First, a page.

Pakistan's ICC World Cup ad mocks Wing Commander Abhinandan, netizens vent their ire
Ahead of the much-awaited clash between India and Pakistan at the ICC World Cup 2019 on June 16, an advertisement aired by a Pakistani channel has drawn the ire of netizens for mocking Wing Commander Abhinandan Varthaman's capture after his plane was shot down a day after the IAF struck terror camps in Balakot.
New Delhi: Ahead of the much-awaited clash between India and Pakistan at the ICC World Cup 2019 on June 16, an advertisement aired by a Pakistani channel has drawn the ire of netizens for mocking Wing Commander Abhinandan Varthaman's capture after his plane was shot down a day after the IAF struck terror camps in Balakot.
Imitating the video of IAF officer Abhinandan released by the Pakistani military after he was captured, the ad by Pakistan's Jazz TV shows a man donning a blue jersey and looking similar to the fighter pilot with his trademark mustache.
The man, bearing an astounding resemblance to Abhinandan, repeats the IAF pilot's viral statement, "I’m sorry, I am not supposed to tell you this” when he is asked to comment on sharing his game strategy after winning the toss.
Here's the video:
Jazz TV advt on #CWC19 takes the Indo-Pak air duel to new level. It uses the air duel over Nowshera and Wing Co Abhinandan Varthaman's issue as a prop. @IAF_MCC @thetribunechd @SpokespersonMoD @DefenceMinIndia pic.twitter.com/30v4H6MOpU — Ajay Banerjee (@ajaynewsman) June 11, 2019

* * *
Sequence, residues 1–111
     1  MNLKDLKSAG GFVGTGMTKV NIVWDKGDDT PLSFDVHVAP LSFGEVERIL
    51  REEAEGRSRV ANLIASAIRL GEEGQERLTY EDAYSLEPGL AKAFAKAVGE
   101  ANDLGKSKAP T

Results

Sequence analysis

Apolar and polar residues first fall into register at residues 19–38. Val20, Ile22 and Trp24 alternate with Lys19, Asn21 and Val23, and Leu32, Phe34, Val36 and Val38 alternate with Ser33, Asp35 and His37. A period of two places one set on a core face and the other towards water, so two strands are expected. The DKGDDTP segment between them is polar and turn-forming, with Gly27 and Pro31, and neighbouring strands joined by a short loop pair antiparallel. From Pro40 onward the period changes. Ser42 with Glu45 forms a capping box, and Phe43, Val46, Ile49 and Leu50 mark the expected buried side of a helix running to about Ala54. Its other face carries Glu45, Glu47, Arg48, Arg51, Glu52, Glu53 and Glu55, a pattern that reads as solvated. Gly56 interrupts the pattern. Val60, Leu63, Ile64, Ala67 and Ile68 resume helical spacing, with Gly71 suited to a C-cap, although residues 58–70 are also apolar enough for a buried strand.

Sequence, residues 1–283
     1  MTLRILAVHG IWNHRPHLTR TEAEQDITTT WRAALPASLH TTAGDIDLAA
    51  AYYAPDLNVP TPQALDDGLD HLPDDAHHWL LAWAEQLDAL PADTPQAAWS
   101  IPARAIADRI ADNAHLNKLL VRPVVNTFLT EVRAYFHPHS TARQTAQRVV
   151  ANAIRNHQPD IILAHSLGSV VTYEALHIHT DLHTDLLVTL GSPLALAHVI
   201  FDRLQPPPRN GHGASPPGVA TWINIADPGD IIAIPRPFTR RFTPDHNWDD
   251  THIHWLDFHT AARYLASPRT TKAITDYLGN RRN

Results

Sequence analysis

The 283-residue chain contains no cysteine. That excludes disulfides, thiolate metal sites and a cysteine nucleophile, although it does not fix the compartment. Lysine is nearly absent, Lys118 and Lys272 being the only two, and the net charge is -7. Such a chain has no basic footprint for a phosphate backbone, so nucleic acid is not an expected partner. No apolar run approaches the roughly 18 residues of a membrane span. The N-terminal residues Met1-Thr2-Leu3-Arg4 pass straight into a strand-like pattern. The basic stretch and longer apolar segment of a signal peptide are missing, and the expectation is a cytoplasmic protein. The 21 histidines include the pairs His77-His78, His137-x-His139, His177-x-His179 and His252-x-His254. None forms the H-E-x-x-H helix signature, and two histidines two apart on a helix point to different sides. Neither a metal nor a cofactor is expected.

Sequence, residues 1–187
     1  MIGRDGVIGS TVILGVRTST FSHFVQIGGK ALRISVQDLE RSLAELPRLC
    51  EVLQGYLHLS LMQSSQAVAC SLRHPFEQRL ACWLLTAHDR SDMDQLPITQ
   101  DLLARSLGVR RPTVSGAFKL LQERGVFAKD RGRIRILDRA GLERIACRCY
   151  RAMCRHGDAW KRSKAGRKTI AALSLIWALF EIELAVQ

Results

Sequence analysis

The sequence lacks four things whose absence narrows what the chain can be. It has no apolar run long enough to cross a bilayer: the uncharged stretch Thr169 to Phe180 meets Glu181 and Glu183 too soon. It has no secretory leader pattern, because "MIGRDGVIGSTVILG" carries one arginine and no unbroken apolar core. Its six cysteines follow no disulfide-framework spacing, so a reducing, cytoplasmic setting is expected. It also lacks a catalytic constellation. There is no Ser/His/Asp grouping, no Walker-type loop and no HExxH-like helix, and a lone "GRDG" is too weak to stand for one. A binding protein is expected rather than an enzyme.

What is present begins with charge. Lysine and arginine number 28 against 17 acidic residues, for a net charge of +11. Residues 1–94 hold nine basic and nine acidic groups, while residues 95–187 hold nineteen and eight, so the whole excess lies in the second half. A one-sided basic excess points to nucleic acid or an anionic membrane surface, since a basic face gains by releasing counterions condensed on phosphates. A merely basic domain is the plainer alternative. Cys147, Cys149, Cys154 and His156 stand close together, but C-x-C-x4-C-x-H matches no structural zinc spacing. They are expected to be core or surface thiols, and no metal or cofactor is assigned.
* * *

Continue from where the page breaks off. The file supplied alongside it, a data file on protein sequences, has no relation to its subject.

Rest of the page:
While Abhinandan took the rigorous grinding by the Pakistani armed forces courageously and with a smile on his face, the man in the video looks terrified of the person asking him questions in the World Cup ad.
The ad not only touched upon a sensitive issue like Indo-Pak aerial duel that gave rise to diplomatic tensions between the two countries but also had racist overtones.
Wing Commander Abhinandan's plane was downed when IAF jets foiled an attempt by Pakistan Air Force to target Indian military installations in Jammu and Kashmir on February 27, a day after New Delhi had conducted counter-terror operations in Pakistan’s Balakot. He bailed out of the aircraft but drifted to Pakistan-occupied Kashmir where he was detained by the Pakistan Army. He was set free as part of the 'goodwill gesture' by the Pakistan Prime Minister Imran Khan.